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are the outcome of the interaction of demand by special-interest groups and supply from legis- lators, both of whom are rational and act in their own self-interest. As a result, government regulation may enhance the welfare of particular groups at the expense of wine consumers, and possibly reduce socioeco- nomic welfare. While the original intent of government regulation of the wine industry following the repeal of Prohibition may have been to enhance social welfare, there is little evidence that states have been pur- suing the public interest in instituting

: advertising for, 45–46; children’s publications promoting, 31, 77; as ever more realistic, 34; mass-production of, 40, 45–46, 201; parental enthusiasm for, 48, 49–50, 51; portraits of children holding, 109, 110–111, 112, 113; prohibitions and repeals of prohibitions of, 24, 31, 57, 93–94; Russo-Japanese War and, 30–31; varying degrees of inclusion of, 35 triple disaster of 2011 (3/11), 172; and disas- ter relief mission of SDF, 9–10, 167; and PR campaigns of SDF, 172–175, 189, 203–207, 210 Tsuji Naoki, 91 2-Channeru, 207–208 Uchū senkan Yamato (fi lm series), 94

examining the fi nancial history of mass incarceration. Beginning with the era of Prohibition and its repeal following the Great Depression, the book examines an era of penal parsimony and public nonpunitivism seldom covered by current mass incarcera- tion scholars. Th e repeal of Prohibition is framed here in the context of public despair of the futile expenditures in the losing federal battle against organized crime. Th is trend proceeded through the New Deal years of economic recovery, leading to small federal expenditures in crime control justifi ed by war

the term “queer” may simply refer to the strangeness of the establishment. However, the fact that Chung chose the speakeasy for a private luncheon with Gidlow suggests that she felt more comfortable developing their relationship in that space. In fact, the illegal speakeasies in North Beach and the legitimate bars that opened following the repeal of Prohibition fostered the development of San Francisco’s “queer subcultures.”33 Individuals who identified as homo- sexuals or who were interested in exploring non-normative possibilities frequented these establishments

, they amounted to only about 2 percent of Califor- nia’s wine grape acreage in 1919. (And this percentage changed very little af- ter the repeal of Prohibition. A large market for fine California wine did not exist until the 1960s.) The prejudice against Zinfandel was short-lived, as far as shipping was concerned. It didn’t take long for a sizeable number of eastern connoisseurs— though by no means a majority—to discover that Zinfandel packed a highly recognizable varietal flavor. And, unlike Carignane and Mourvèdre, it didn’t prohibition and the fresh grape deal

“wholesome, ordinary red wine when grown in the coastal valleys of Northern California.” 7 Here was the first face of Zinfandel after the repeal of Prohibition. During the next seven years Schoonmaker made several trips to California and drank lots of California wine. In San Francisco he contacted the leaders of Medical Friends of Wine and of the Wine and Food Society. Who was mak- ing really good wine in the Golden State? When he got his answers, he went out into the countryside and talked and drank. He was particularly interested in making some solid connections with the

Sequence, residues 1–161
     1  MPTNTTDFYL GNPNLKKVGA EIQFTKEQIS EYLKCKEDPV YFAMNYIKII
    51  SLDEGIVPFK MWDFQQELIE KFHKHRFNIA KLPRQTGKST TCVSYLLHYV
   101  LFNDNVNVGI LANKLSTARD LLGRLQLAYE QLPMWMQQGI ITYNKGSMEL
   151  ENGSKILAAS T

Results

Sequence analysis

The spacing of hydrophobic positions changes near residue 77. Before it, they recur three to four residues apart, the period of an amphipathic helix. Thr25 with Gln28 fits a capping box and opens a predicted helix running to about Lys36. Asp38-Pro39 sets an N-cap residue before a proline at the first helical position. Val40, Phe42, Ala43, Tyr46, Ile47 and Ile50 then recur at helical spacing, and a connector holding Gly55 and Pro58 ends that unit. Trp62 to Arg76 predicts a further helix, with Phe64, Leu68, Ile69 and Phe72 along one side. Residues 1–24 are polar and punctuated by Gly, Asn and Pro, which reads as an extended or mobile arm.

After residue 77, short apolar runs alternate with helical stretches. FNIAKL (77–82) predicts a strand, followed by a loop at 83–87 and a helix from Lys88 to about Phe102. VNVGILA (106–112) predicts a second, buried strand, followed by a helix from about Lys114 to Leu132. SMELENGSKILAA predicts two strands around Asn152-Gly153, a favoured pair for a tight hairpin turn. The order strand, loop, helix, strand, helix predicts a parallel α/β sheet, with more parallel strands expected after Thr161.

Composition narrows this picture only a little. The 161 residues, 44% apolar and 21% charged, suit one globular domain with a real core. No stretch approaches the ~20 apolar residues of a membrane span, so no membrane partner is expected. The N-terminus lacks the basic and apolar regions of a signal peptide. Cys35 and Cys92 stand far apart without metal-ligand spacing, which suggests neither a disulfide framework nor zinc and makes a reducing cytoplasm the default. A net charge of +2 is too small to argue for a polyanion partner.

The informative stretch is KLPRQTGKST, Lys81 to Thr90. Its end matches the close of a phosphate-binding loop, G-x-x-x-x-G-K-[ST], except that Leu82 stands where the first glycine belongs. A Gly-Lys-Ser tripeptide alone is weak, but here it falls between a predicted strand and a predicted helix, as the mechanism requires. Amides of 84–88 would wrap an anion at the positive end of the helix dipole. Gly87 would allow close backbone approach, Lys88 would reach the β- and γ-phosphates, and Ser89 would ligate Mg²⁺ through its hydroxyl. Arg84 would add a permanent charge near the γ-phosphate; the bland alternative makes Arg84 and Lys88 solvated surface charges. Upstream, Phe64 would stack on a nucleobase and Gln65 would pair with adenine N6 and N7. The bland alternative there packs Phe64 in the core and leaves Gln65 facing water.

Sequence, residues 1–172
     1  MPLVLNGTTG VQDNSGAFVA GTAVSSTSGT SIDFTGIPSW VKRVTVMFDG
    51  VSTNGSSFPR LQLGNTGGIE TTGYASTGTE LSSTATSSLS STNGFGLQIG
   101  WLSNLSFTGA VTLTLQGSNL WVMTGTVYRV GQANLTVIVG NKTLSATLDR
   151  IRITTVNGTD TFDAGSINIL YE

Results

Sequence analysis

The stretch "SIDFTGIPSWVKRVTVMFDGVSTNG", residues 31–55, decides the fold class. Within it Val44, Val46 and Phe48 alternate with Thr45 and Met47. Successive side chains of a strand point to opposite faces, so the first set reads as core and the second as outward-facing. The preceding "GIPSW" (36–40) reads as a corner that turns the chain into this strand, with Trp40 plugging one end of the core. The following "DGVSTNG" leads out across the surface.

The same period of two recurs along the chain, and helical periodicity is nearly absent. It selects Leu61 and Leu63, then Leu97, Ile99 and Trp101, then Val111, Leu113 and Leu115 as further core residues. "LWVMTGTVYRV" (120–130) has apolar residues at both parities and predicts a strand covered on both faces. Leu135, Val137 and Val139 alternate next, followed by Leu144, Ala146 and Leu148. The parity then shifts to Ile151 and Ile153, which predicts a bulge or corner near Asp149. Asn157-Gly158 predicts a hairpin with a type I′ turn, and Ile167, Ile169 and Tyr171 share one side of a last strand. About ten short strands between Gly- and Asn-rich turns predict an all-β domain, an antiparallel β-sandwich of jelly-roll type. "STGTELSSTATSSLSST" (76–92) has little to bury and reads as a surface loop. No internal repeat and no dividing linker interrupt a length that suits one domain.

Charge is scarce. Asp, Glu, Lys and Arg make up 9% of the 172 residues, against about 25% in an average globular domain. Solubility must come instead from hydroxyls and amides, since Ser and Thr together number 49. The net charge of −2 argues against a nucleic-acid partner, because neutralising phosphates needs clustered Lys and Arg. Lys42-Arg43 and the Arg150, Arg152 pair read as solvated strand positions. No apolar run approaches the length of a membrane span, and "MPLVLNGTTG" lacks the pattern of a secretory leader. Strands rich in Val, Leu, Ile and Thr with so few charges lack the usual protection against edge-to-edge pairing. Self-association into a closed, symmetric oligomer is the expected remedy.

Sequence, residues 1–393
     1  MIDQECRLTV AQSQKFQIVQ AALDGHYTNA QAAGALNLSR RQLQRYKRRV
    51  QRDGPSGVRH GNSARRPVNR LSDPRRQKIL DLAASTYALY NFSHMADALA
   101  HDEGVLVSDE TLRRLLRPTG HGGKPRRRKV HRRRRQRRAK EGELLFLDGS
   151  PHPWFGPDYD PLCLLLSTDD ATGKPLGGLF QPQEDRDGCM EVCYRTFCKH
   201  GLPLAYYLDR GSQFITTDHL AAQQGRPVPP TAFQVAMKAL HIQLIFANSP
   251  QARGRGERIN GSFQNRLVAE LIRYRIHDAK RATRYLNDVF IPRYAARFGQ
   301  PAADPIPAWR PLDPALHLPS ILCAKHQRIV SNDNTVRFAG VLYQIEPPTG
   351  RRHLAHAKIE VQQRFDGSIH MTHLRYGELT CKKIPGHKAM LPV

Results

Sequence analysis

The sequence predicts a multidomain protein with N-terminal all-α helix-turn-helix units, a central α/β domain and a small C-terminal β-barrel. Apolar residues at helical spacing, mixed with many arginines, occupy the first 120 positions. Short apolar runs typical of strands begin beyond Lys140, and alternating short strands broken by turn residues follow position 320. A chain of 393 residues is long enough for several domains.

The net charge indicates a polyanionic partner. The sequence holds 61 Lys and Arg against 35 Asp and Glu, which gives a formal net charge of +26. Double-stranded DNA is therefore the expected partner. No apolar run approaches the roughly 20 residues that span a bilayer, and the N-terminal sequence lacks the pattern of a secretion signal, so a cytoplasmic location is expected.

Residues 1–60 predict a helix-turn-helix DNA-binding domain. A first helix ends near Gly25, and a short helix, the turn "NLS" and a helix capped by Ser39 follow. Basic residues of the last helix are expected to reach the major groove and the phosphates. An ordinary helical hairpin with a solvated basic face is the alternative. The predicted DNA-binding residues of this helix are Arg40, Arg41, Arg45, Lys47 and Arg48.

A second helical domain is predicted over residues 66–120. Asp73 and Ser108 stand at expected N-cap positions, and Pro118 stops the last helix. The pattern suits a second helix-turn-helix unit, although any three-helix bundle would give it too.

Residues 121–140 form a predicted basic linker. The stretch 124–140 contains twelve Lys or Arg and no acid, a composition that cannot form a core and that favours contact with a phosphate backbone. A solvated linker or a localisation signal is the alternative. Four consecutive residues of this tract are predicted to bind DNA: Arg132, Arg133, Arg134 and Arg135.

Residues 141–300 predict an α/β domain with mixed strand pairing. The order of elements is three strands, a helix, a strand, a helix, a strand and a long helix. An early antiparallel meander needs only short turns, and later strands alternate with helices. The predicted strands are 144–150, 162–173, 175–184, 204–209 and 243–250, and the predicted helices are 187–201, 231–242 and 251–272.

of her husband’s income with either a bootlegger or a saloon-keeper operating legally. I am convinced that as far as the women of the country are concerned, prohibition has come to stay.”79 Willebrandt’s universal declarations for women under Prohibition, as well as her predictions, were wrong, as the Prohibition law had not “come to stay.” Women’s political organizing was as responsible for the repeal of Prohibition as it had been for its introduction. Chaired by Pauline Morton Sabine of the Morton Salt family, the Women’s Organization for Prohibition

: Agricultural Adjustment Act (price supports), 121; dam-building projects, 136; Farm Security Administration, 235n70; hop- marketing agreement (price supports), 121–122, 142, 186; migratory workers, plight of, 128, 129–131, 234– 235nn67,68,70,74,75; National Recovery Act, 128–129, 234–235n68; repeal of Prohibition, 113 New England region: commercial hop cultivation and, 17; craft beer revolution and, 174; rum production and, 17 New York State: alcohol production, generally, 17; colonial era cultivation in, 17; European trade fi rms expanding to, 84; harvest time

’re entertaining and singing and working as waitresses. We continued to go there often. They made us very very welcome. Reba Hudson Mona’s was San Francisco’s first lesbian nightclub. It opened on Union Street in 1934, just after the repeal of Prohibition, but moved in 1936 to Columbus Avenue. Originally intending it as a hangout for writers and artists, Mona Sargent and her then-husband, Jimmie Sargent, covered the floors at 140 Columbus with sawdust to give the place a bohe- mian atmosphere.1 Nightclub-style entertainment soon grew out of im- promptu performances, and Sargent

organizational structure with the cre- ation of a syndicate cartel, the Three Prosperities Company, which regulated the contraband opium enterprise in association with the Chaozhou opium merchants, military and police agencies, and city politicians. This system, as refined by Du Yuesheng, might well be described as "the Shanghai pattern." With the repeal of Prohibition in 1933 the criminal syndicates to which it had given rise did not dissolve themselves but retained their organizational coherence and redirected their energies into other activities: gambling